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About Indonesia

by: Erika Visser, Associate partner of Hofstede Insights
Currency: Indonesian Rupiah (IDR)                                       
Capital: Jakarta                                               
Time Zone: UTC +07:00
Official Language: Bahasa Indonesian
Religion: Muslim (88%), Protestant (5%), Roman Catholic (3%), Hindu (2%), Buddhist (1%), other  (1%)
Ethnic Groups: Javanese 45%, Sundanese 14%, Madurese 7.5%, coastal Malays 7.5%, other 26%

Overview

Indonesia is a unitary sovereign state, the largest of the ASEAN economies and hugely diverse as the world’s largest island country with more than 300 ethnic groups. Most people will define themselves locally before nationally. There are multiple cultural influences creating a mix of Chinese, European, Indian, and Malay. Even though poverty is reducing annually, it still remains one of the greatest challenges with employment growth - trying to keep up with a growing population of currently over 260 million people. Indonesia is a Muslim-majority country with the island of Java containing more than half of the country’s population. The Dutch colonised Indonesia for more than three and a half centuries, and the country gained its independence after the second World War.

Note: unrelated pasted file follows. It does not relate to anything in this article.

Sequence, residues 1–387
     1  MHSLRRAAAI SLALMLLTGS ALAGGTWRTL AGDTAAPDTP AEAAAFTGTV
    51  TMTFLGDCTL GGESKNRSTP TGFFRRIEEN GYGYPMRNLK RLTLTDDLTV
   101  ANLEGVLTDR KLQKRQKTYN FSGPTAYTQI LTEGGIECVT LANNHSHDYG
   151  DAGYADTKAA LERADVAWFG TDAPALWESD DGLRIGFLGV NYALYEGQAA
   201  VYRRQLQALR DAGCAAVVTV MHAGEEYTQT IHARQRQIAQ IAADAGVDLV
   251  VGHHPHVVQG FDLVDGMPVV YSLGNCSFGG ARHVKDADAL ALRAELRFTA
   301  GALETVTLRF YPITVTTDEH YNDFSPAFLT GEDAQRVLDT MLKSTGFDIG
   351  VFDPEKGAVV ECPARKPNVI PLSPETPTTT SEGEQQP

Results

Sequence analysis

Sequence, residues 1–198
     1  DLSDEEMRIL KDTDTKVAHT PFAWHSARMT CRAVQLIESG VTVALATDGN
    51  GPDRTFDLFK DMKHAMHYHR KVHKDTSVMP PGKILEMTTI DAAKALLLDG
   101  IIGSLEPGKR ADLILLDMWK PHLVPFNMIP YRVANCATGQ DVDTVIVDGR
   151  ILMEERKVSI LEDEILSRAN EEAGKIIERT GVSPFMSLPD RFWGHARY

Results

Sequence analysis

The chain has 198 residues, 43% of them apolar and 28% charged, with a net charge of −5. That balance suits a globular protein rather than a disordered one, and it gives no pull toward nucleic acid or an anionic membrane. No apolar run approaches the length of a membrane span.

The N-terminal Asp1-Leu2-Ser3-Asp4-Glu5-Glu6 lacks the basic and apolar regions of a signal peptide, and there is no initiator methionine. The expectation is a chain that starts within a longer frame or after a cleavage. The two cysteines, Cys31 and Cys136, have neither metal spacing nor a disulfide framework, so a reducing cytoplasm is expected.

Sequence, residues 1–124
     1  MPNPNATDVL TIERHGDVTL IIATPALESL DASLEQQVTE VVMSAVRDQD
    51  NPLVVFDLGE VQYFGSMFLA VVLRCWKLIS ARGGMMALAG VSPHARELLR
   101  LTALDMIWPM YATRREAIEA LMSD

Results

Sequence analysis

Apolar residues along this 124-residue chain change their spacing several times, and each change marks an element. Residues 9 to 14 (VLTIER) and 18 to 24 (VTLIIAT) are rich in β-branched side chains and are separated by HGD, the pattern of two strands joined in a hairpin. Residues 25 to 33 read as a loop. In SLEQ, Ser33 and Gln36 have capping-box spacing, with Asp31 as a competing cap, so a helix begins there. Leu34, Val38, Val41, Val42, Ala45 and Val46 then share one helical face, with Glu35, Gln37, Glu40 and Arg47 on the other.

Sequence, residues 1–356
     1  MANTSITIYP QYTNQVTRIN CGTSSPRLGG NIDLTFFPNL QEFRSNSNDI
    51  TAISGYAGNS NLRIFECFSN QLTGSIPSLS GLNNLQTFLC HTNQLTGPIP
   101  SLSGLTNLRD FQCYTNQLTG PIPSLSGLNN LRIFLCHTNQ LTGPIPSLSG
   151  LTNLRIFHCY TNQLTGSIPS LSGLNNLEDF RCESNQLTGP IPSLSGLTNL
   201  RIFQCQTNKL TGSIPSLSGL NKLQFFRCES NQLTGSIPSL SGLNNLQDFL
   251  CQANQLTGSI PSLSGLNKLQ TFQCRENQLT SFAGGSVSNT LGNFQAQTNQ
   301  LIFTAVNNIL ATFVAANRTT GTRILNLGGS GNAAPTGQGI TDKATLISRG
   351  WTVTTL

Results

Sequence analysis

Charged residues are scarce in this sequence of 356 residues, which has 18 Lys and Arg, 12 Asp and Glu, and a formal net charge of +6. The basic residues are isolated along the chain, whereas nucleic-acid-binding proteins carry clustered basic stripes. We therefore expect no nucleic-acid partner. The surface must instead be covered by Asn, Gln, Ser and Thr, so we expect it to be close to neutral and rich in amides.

Some cornerstones of Indonesian Culture

Family, religion and religious harmony are cornerstones of Indonesia. Family is central to Indonesian society, resulting in a great emphasis on unity, loyalty and respect for the elderly. The family structure provides emotional and financial support with each member contributing their time or money.

When in Indonesia

Good to know

  • Use both hands when lightly shaking someone’s hand
  • Do not use strong grip handshakes used in western countries
  • Keep your distance and avoid touching someone from the opposite sex, unless a handshake is initiated by them. A respectful smile and nod is acceptable
  • Be friendly and use a smile to show politeness, especially in Java